1st November | Thekla
Photo: Rowan Allen
“We couldn’t leave without telling you one more time that we love you” Adrienne Lenker says as Big Thief prepare for their final piece that fits the puzzle of a soul-baring, beautiful show. It’s a little subtle inside joke that has carried from the crowd to the stage and back again from as soon as the trio’s set commenced, the impassioned crowd shouting “we love you” between songs and Lenker reciprocating with gentle humbleness and utmost warmth as guitars are tuned. It’s an apt representation of the endearing attachment that fills the Thekla this evening, a cycle that seems to have come full circle since the release of their heartbreakingly stunning Capacity in June. An album rich with character and characters, it’s a frankly human record of emotion and circumstance, and live Big Thief untuck the sheets wrapped amongst it and somehow manage to exude even more sentimentality from within.
Opening the evening, Katie Von Schleicher delivers a wonderfully engaging set that takes the evocative songwriting of latest record Shitty Hits and explores their very foundations, excavating something thematically darker and involved. Playing as a two-piece this evening across subtle keys and a deep, course guitar sound, Katie’s voice lingers with yearning conviction as the guitar sways and teeters to the surprisingly brittle arrangements they are making. It’s unquestionably striking, the sharper sound enhancing the more abstract pop notions that simmer from within Katie’s songwriting. Case in point being ‘Mary’, it’s tender benevolence ringing around the Thekla as Von Schleicher deeply yearns “If Mary’s on my mind, gotta get her out, if Mary’s in my heart, gotta get her out.” As a duo, they use the space left from a lack of percussion and bass excellently, Von Schleicher’s keys lingering with each note in an uncanny haze, ‘Life’s A lie’ the embodiment of the songwriter’s grand balance of curiosity and restrain.
Big Thief join us as a trio for this evening, guitarist Buck Meek having not joined this tour due to writing a solo record. It obviously has an impact on the performance, but not in anyway a bad detail, it offers a distinct experience to hear the band’s effecting songs in a more minimal nature and exhibits the transcendent nature of Big Thief’s music. ‘Shark Smile’ is absolutely stunning, it’s driving heart enhanced by the bristly, ragged nature of Lenker’s guitar and Max Oleartchik and James Krivchenia’s loose, untempered refrains, signifying their expressive fluidity as a band.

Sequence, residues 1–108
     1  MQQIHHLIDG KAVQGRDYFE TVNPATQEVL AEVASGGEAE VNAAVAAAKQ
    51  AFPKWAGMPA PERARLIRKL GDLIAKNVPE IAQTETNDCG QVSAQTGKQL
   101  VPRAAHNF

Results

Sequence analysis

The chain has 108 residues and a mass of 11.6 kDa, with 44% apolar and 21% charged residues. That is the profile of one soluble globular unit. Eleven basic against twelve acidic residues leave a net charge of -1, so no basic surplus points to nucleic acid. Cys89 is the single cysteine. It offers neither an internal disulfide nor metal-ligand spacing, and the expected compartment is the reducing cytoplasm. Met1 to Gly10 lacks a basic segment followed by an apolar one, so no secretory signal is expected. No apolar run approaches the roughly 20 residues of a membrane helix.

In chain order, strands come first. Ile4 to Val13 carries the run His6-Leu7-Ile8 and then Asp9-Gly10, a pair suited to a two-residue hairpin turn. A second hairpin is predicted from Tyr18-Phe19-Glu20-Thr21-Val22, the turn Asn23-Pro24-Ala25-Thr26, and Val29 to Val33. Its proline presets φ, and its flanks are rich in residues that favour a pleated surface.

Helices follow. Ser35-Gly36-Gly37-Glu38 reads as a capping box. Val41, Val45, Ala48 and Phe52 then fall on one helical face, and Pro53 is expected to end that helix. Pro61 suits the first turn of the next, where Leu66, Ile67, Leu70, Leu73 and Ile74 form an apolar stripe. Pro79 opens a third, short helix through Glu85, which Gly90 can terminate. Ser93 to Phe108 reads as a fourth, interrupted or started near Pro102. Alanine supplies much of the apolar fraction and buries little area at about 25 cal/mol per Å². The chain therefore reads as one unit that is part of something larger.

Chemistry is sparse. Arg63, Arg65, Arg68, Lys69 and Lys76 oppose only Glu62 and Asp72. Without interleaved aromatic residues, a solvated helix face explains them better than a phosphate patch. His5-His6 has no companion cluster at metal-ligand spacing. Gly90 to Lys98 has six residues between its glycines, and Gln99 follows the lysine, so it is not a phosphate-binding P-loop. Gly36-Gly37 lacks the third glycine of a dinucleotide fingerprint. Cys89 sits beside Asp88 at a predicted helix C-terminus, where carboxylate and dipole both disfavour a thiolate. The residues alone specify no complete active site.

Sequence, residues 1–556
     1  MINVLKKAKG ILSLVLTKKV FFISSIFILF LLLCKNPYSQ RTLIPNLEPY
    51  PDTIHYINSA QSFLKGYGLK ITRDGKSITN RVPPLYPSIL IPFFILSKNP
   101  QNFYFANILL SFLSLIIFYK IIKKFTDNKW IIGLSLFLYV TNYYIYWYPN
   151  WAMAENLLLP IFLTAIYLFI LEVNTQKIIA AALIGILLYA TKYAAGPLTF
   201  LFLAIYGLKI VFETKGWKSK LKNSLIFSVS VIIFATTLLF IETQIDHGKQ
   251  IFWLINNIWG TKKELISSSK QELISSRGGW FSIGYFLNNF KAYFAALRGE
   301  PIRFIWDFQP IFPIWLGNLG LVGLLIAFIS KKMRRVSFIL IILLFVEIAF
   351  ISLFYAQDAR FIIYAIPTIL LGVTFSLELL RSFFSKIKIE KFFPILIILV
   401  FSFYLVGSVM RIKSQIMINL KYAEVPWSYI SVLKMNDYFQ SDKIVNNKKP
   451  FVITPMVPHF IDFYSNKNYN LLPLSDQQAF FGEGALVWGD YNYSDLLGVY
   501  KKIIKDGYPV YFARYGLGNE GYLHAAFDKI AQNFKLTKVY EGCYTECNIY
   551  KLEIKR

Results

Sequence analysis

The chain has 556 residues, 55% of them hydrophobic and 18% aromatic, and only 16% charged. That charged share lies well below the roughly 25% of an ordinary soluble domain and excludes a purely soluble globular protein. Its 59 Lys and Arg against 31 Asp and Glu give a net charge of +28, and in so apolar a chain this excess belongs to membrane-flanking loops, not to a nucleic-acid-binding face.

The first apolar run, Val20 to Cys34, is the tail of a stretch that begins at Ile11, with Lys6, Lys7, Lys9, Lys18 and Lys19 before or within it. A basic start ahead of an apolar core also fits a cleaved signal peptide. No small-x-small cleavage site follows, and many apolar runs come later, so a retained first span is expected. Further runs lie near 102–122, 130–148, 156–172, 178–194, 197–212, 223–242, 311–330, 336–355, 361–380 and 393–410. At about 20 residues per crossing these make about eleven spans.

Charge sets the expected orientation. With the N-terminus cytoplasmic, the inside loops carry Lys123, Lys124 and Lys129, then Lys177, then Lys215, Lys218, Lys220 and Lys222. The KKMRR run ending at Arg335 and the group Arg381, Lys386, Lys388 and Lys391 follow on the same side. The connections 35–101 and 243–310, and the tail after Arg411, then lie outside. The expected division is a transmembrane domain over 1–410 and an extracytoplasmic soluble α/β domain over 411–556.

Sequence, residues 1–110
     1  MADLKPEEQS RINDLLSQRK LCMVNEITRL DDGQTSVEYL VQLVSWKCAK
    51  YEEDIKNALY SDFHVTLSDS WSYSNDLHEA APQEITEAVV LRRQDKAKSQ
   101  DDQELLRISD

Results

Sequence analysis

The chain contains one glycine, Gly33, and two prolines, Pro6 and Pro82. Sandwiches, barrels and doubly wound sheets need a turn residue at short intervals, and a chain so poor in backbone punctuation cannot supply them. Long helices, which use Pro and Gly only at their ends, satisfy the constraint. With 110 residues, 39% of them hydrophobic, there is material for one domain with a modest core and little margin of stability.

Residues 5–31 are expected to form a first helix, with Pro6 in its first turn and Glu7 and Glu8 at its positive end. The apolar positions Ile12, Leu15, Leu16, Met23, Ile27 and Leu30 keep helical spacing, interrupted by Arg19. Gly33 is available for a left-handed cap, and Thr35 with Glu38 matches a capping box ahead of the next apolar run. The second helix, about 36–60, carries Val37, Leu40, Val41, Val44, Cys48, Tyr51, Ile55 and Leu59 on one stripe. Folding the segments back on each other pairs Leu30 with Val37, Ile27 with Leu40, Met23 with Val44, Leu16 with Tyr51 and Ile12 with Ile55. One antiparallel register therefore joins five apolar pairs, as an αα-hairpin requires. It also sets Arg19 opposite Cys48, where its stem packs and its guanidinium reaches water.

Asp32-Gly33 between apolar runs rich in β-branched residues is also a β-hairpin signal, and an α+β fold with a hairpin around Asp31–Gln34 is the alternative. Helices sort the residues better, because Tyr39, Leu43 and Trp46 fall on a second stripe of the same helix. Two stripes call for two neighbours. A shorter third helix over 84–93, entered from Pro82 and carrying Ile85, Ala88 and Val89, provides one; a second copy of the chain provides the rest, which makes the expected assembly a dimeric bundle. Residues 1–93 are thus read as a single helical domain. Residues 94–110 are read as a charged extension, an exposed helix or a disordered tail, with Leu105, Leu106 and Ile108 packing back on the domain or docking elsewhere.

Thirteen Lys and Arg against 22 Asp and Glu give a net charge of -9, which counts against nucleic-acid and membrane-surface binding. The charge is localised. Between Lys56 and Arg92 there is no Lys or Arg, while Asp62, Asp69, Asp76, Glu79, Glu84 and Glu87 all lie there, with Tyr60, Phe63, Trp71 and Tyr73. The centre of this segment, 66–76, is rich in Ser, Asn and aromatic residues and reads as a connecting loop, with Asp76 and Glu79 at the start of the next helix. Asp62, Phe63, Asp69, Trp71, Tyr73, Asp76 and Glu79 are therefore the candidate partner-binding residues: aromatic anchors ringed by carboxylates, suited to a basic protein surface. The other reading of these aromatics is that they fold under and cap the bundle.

Their folk and Americana explorations particularly come to the fore live, evoking the earthy essence of their music that fits like a winter glove within the individual, human emotion of their thematic approach. Lenker can silence a room with a whisper alone, and tonight a voice so deep and familiar is revitalising. ‘Randy’ is an isolating and slowly nerve-wracking composition, dealt with further unambiguity by Lenker’s serene voice, ‘Velvet Ring’ rings within it’s louder, layered guitar, a pace significant in within the context of their set, something which is distinct and notable as the set whirls from silencing tranquility to impelling force. It’s here that Big Thief have taken a step into becoming a band so well-formed that they leave an unquestionable mark on whats next.
Where groups such as Wilco, Modest Mouse and The National were and still are revered for the constant quality of their output, Big Thief take it one step further and are able to mould the context of their whole harvest and let it ring true within their live performance, a stark, heartbreaking and restorative example of their music’s emotional and empathetic capacity. Closing with an animated and emphatic ‘Humans’, the crowd in united appreciation, it’s unquestionably sad to see this set end, but undoubtedly exciting to see what Big Thief will gift us with next.
Listen to ‘Shark Smile’ below.